Things were a little more even in the third stint of the race. Grosjean was never able to get close enough to mount an attack and the decision was made to try and force the issue, stopping on lap 40.
Positions before final pitstops:
2 Grosjean, +1.143s
3 Raikkonen, +1.951s
Vettel had to cover Grosjean, heading to the pits a lap later and rejoining just ahead of the Lotus driver.
"We tried to undercut Vettel with Grosjean but that didn't work," said Permane. "Kimi was already behind them, so that wouldn't have worked for him. The only option left was to go a little bit longer, stick the options on and see if that worked, which it didn't. We just didn't seem to have the pace."
Inevitably, given Raikkonen lost a couple of seconds to Vettel during the period when he was still completing his third stint, some have argued he should have pitted earlier.
"We were nervous about stopping earlier and worried about doing more than 12 laps on the options in case they fell apart," said Permane. "That's why we went out that far.
"I don't know what the maximum [stint on softs] was but on Friday we saw them disappearing after that. We know they are a fragile tyre and that's why we weren't too risky. As it happened, they didn't have the pace we thought they would have, I thought they would have been quicker than that."
Positions after final pitstops:
2 Grosjean, +1.598s
3 Raikkonen, +3.993s
And so it played out as expected. Raikkonen got his head down, passing his team-mate, who didn't look a serious threat in the final stint, on lap 55 and then closing to within DRS range of Vettel on the final lap.
Grosjean and Raikkonen head to the podium, but neither to the top step © XPB
2 Raikkonen, +1.008s
3 Grosjean, +5.830s
After the race, Raikkonen hinted that perhaps it would have been possible to complete the final stint without the third pitstop. This would have meant his tyres lasting 35 laps, albeit with some help from the safety car.
"We had problems with the radio and had to revert to getting him to answer yes or no," said Permane. "[We asked] do you think you could go to the end on these tyres and he didn't think he could."
Hypothetically, had Raikkonen stayed out, he would have had an advantage of around 16 seconds and 19 laps to protect it. Vettel did have a little traffic to deal with, which would have helped. Lotus had last year's Chinese Grand Prix, where the Finn plummeted from second out of the points in just two laps, in mind when it decided against this.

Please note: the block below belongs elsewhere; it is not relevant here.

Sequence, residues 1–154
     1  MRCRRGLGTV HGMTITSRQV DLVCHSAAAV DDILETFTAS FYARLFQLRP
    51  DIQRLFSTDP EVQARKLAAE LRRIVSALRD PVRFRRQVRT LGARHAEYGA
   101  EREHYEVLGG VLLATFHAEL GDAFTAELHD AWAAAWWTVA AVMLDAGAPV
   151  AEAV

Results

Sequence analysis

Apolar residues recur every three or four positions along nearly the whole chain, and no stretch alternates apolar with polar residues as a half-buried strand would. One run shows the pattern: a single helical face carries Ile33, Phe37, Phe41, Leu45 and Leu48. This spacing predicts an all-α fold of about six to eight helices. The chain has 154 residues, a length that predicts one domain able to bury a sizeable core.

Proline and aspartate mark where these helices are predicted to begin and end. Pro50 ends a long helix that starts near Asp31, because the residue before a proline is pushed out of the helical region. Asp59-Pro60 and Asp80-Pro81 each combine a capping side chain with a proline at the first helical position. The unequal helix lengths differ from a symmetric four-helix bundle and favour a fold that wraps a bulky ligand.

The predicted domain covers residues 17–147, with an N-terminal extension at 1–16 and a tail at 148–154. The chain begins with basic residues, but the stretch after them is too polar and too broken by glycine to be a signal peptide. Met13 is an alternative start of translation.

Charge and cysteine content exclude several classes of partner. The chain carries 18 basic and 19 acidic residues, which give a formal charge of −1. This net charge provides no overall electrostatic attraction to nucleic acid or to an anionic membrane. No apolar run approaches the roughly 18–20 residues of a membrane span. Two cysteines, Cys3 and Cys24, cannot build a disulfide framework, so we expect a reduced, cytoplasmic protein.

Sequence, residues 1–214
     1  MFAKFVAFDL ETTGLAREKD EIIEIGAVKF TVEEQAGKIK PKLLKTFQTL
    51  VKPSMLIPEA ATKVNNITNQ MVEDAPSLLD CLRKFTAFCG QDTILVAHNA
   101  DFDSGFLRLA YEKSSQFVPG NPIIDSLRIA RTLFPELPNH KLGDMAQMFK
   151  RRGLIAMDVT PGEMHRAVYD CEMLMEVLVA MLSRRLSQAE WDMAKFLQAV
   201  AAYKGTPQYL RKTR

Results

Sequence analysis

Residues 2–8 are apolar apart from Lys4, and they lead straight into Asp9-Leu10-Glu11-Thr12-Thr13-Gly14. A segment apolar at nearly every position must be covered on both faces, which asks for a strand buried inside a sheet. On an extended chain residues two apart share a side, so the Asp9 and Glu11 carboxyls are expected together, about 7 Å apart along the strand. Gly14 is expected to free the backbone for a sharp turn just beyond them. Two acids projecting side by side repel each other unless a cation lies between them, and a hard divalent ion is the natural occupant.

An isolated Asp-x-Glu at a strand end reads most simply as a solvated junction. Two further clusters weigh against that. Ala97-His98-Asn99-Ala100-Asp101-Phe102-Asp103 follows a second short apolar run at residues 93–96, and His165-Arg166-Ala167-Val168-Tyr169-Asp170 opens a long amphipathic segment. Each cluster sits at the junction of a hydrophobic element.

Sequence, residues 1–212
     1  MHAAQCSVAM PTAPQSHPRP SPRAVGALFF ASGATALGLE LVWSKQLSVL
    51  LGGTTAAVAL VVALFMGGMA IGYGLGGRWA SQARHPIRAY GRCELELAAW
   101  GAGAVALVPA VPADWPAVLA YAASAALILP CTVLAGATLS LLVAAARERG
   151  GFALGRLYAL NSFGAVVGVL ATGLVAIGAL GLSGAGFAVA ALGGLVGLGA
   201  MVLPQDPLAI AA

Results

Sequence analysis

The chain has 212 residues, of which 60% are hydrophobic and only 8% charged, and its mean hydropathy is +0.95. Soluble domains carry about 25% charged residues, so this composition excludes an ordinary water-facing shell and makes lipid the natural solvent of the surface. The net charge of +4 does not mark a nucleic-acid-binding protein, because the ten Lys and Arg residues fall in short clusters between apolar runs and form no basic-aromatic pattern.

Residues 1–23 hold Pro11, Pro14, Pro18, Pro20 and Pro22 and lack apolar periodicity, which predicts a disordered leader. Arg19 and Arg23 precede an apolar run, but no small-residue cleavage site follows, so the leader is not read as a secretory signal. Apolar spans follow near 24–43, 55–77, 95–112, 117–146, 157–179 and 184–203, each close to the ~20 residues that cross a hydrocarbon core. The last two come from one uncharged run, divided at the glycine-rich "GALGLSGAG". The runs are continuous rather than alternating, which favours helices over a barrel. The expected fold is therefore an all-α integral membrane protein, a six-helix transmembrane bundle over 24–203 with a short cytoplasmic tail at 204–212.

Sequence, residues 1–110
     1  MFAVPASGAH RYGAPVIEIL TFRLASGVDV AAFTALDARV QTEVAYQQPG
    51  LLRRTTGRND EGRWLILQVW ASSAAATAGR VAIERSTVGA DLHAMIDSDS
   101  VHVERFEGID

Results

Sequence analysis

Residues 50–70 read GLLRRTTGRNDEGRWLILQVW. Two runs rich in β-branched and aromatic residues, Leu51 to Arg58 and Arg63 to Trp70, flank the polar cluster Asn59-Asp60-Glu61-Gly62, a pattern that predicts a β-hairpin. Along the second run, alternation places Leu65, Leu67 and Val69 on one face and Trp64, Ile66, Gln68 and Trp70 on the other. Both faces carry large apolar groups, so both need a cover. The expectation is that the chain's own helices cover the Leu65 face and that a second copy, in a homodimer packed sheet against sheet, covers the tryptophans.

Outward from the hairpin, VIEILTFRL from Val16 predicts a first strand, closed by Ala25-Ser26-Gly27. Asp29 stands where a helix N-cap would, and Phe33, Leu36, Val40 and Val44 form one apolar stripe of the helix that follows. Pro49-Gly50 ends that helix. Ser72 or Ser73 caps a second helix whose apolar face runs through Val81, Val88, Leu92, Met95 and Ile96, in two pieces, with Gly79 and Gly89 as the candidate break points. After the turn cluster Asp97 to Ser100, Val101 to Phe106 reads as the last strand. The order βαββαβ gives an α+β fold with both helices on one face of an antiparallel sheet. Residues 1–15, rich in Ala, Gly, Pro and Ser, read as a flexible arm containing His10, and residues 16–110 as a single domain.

It's hard to say which way it would have gone. Several drivers did run to the finish on mediums after pitting under the safety car - notably Sergio Perez and Paul di Resta.
Perhaps the image of Perez being passed for seventh place by Webber on the final lap would have been repeated with Raikkonen's Lotus instead of the McLaren? It's very possible, especially as a Raikkonen with low levels of rear grip would not have been able to keep a DRS-assisted Vettel behind him for any significant period of time.
Then there's the possibility that Raikkonen could have switched to softs earlier. Again, it's possible. The other McLaren driver, Button, went onto softs two laps earlier. But he was passed by medium-shod Hamilton on the final lap for fifth place.
Admittedly, both of those alternatives could well have led to Raikkonen finishing in the top three anyway, arguably creating a win/win scenario with Lotus gambling without a downside, but the charging Fernando Alonso might have been a problem. Even if he had tried and lost the lead late on, many would be asking why Lotus didn't pit with 12 laps to go and bolt on softs.
Add to the mix the value of a double podium for Lotus and the foolhardiness of going all or nothing in pursuit of a win becomes clear.
These are the narrow margins on which strategy calls are judged to be inspired or idiotic. The bottom line is that the combination of Vettel having track position and the Lotus not being clearly faster was decisive.
Permane summarised it well: "we tried pretty much everything we had and it didn't work. Without the safety car, you never know. Both of our drivers might have been in front of him."
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Edd Straw is Editor-in-Chief of Autosport, overseeing both print and digital versions of the brand. Edd has worked for Autosport since joining as a junior reporter in 2002. He became Editor in November 2014, having previously worked as National Editor, News Editor and Grand Prix Editor.
Originally from Guernsey in the Channel Islands, he joined Autosport shortly after graduating from university. He went on to cover a wide range of categories from club motorsport to the World Touring Car Championship and Le Mans to Formula 3 before switching to F1 full-time at the 2008 French Grand Prix. He continues to cover a range of international events in his position as Editor-in-Chief.
In his spare time, he was formerly a club racer whose abilities did not match his enthusiasm in a variety of categories.